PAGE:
Hosted by the Women’s Center, author Ashley Warner visited OpenGrounds to read from her newly published memoir “The Year After.” Warner read aloud two excerpts from her memoir, which included an account of her rape at the age of 24 and the events of day-to-day life for survivors of sexual assault.
Warner reached out to the Women’s Center at the University of Virginia for a chance to read from “The Year After” to any interested students and faculty. In addition to sharing from her memoir, Warner explained why she wrote the book, and what misconceptions still cling to the topic of sexual assault and misconduct – especially on college campuses.
“People should know what this is really like, the aftermath of trauma,” said Warner. It’s not pretty. It’s an isolating, lonely journey.”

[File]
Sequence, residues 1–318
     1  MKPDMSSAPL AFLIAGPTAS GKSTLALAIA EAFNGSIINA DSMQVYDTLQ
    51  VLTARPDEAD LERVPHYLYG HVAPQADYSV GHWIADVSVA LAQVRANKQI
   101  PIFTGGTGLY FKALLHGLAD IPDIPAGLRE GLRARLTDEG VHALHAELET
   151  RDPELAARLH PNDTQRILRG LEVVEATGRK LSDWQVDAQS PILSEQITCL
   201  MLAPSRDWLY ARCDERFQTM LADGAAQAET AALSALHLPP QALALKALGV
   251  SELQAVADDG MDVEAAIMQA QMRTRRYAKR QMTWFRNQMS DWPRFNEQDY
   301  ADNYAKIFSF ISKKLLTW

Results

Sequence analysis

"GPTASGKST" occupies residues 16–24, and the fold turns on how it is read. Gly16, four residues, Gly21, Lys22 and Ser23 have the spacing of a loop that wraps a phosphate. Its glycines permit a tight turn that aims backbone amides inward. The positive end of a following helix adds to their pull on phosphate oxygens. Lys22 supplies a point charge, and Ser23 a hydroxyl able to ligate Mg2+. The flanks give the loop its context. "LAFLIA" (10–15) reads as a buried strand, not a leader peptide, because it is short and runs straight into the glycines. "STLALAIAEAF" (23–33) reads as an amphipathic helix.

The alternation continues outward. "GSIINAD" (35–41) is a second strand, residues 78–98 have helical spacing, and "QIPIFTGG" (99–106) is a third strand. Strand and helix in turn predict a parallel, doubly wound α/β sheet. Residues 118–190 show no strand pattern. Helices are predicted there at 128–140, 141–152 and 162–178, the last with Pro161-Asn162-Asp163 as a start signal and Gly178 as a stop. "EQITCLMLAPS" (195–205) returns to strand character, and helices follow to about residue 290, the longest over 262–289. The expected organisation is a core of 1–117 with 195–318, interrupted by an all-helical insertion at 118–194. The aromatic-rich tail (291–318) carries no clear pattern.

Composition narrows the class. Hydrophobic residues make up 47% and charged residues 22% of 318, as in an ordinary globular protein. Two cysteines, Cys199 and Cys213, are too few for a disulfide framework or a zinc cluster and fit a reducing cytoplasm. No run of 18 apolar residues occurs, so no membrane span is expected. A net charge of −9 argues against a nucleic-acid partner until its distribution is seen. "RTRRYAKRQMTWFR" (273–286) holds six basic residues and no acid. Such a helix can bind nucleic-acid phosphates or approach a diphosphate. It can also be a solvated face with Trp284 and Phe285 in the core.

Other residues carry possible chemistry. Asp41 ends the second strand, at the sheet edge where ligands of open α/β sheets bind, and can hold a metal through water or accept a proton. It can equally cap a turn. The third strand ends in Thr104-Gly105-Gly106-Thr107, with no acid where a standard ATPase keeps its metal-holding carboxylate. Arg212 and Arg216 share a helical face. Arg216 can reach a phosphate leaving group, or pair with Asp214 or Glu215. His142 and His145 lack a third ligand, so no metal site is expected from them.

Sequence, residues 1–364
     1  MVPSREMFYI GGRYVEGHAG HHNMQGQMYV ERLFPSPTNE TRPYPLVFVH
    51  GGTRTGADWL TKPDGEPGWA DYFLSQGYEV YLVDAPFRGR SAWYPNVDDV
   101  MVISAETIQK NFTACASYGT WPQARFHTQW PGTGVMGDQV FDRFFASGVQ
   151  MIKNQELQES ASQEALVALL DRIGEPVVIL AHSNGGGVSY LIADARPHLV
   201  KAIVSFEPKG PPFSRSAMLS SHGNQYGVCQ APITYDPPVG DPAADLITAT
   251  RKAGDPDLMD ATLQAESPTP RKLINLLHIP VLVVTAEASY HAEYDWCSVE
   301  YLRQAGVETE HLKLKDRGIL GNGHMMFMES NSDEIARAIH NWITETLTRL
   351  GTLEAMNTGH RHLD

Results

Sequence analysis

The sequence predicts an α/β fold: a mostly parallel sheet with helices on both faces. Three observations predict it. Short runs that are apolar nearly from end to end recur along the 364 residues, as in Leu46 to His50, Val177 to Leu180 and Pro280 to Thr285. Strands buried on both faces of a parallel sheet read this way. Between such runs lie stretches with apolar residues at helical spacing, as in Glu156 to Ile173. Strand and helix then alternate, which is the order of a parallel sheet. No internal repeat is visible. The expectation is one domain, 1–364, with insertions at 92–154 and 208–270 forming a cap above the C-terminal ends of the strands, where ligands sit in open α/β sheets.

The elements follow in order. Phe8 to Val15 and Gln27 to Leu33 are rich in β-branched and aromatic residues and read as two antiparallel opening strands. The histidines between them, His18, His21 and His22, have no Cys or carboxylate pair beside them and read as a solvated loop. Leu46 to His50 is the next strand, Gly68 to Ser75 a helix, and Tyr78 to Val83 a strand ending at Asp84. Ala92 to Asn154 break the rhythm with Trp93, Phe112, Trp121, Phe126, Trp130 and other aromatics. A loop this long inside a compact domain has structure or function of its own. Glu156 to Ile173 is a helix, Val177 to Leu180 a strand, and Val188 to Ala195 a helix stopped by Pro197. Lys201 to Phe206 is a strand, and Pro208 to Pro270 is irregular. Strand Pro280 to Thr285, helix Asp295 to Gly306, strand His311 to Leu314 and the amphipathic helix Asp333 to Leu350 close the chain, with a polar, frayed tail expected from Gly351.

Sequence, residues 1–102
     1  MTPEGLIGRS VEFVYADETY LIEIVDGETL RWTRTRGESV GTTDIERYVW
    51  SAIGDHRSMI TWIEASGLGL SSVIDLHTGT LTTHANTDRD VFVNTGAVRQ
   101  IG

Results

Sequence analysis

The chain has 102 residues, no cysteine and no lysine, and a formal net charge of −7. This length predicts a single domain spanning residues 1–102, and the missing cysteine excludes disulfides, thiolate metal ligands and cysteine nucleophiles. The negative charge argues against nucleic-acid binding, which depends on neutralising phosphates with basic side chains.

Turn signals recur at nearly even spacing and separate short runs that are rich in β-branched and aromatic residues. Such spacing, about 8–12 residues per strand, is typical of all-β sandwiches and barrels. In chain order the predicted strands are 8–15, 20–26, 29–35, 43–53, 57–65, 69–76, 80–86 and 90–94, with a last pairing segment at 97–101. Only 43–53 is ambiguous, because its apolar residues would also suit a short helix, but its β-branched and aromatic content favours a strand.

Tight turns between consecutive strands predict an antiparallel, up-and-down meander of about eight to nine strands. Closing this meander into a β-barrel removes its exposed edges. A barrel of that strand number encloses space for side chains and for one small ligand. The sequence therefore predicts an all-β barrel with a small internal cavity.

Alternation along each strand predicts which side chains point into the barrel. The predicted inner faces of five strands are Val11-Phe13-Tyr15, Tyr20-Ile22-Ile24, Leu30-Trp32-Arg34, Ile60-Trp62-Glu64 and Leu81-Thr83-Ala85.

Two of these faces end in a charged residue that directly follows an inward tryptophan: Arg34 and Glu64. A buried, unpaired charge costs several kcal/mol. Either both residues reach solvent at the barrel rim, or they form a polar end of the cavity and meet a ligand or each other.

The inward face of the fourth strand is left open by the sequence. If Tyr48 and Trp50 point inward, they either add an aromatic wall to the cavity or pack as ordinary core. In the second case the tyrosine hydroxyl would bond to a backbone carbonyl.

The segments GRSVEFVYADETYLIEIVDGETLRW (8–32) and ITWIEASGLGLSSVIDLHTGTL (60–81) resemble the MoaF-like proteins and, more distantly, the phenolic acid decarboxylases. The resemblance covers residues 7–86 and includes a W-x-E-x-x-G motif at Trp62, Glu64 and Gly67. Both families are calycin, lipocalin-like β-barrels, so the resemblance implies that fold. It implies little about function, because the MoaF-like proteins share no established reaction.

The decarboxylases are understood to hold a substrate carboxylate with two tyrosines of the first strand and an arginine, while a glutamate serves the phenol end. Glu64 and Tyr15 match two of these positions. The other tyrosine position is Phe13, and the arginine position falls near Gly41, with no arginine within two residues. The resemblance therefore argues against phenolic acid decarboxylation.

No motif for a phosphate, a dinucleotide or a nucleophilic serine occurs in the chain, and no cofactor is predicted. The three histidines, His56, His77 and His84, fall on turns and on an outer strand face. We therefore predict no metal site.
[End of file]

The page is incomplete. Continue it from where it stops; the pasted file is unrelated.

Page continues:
According to Warner, her hope in writing her memoir was to create “a report from the trenches, that shows the day-to-day process and suffering” of survivors of sexual trauma, having found little material on the subject herself.
While she does cover topics related to prevention, Warner focuses her story on the post-trauma experience. “Consent is an important part of the conversation,” said Warner. “We want to address that, too, but it’s important to know what we’re dealing with.” When discussing the roles that others can take in support of the survivors, Warner stressed empathy as most important. She attested personally that “the best help is to offer to listen. If you are trying to help a friend, the best thing you can do is put yourself in their position and listen. It’s an underrated skill.”
In addition to leading workshops and discussions, Warner works with survivors of sexual assault by offering services for psychotherapy and psychoanalysis. She has had a private practice in New York City since 2002.